That will/should give better drive-ability because you are linking injector timing to the cam events, better economy as well, that also probably co-insides with good, if not max, intake airflow speed as well.

    Cheers

    Kevin

  13. #28
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    Does anyone know at what Degrees the intake valve opens on a stock 94 LT1. I can't find any type of cam card for a stock cam. The cam I have now opens at 15.5* BTDC. But the eoit tabe is still stock

  14. #29
    Fuel Injected! Terminal_Crazy's Avatar
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    Quote Originally Posted by kevinodb1 View Post
    Hi Mitch

    I see you are in Lancashire, anywhere near Burnley, thats where my dad came from!
    Hi, Yes, I live about 40 miles away but have worked in and around Burnley.

    Quote Originally Posted by kevinodb1 View Post
    I think the implication of the delay for the fuel from the injector to getting into the cylinder, based on airflow and some inertia of the fuel from the injector, means that one can start injecting before the exhaust valve closes on the basis the fuel will arrive into the cylinder, just before it does...

    That will/should give better drive-ability because you are linking injector timing to the cam events, better economy as well, that also probably co-insides with good, if not max, intake airflow speed as well.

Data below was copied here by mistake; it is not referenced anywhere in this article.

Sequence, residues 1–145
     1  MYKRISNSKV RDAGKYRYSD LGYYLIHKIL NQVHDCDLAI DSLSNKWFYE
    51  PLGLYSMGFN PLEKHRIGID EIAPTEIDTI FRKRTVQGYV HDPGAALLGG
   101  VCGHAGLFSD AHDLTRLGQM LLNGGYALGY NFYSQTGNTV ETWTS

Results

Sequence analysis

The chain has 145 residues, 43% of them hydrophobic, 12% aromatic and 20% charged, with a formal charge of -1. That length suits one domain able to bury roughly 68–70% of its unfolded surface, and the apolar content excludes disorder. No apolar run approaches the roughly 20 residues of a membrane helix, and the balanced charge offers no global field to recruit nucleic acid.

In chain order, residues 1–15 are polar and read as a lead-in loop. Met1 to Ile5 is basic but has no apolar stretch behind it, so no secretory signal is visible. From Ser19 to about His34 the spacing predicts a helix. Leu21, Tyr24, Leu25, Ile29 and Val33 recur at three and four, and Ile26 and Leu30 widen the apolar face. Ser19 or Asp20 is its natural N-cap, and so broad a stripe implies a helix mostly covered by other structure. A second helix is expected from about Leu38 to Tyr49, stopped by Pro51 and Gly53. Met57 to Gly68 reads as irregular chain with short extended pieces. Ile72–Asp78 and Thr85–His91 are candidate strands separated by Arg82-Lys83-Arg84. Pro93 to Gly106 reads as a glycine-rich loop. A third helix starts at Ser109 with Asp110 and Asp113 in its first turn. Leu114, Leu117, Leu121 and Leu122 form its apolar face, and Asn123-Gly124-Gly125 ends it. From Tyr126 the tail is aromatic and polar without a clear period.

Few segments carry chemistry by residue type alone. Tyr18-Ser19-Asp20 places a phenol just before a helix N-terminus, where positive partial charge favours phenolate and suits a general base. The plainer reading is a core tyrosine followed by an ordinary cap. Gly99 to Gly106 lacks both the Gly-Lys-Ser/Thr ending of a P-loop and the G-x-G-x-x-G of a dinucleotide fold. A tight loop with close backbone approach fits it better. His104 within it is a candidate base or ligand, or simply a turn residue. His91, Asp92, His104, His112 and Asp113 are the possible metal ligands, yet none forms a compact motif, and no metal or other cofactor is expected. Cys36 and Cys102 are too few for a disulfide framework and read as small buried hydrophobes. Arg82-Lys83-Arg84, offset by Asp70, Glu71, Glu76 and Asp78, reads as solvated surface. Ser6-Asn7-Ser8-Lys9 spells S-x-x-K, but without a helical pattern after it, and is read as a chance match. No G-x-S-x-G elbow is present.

Cheers
    Kevin
    Re reading Greg Banish's book, Most factories spray onto the back of the intake valve before it opens to help "vapourise" the liquid fuel.
    The issue we have is with incdreased overlap, you can blow this out the exhaust rather than into the cyclinder.

    I'd like to see some more attempts from people testing and logging results frfom changing the EoIT.


    Mitch
    '95 Z28 M6 -Just the odd mod.
    '80 350 A3 C3 Corvette - recent addition.

  15. #30
    Fuel Injected! Terminal_Crazy's Avatar
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    Quote Originally Posted by Stroked 388 View Post
    Does anyone know at what Degrees the intake valve opens on a stock 94 LT1. I can't find any type of cam card for a stock cam. The cam I have now opens at 15.5* BTDC. But the eoit tabe is still stock
    I couldn't find anything definitive when i looked. Some figures contradicted themselves a little.
    This is what I found.



    Lloyd Elliott @ 0.006 @.050 Lobe Lift Lift 1.5 Lift 1.6 Lobe Sep Intake CL IVO btdc IVC abdc EVO bbdc EVC atdc Overlap Adv
    Hi lift emission ~275/281 223/231 .610 .594 112 109.5 28.5 66.5 77.5 28.5 56.5 3
    Comp Cam Card Spec 275/285 223/231 .381 .371 112 108 3 39 51 0 (0.050 figures)

    1 249-07-466-8 XFI 268 CAM LT1/LT4 93-96 268/276 218/224 .357/.354 .570 .565 113 109 25 63 75 21 46.0


    92 vette 205/207 .451 .450 117

    Stock LT1 1993-95 Vette & F bodies 202/207 .450 .460 .480 .491 116 22.5 (guess at 252/257 duration)
    1996/97 F Bodies 205/207 .447 .459 .477 .490 117
    LT4 203/210 .446 .449 .476 .479 115


    (It probably needs to viewed in a non proportional font like in wordpad)

    Mitch
    '95 Z28 M6 -Just the odd mod.
    '80 350 A3 C3 Corvette - recent addition.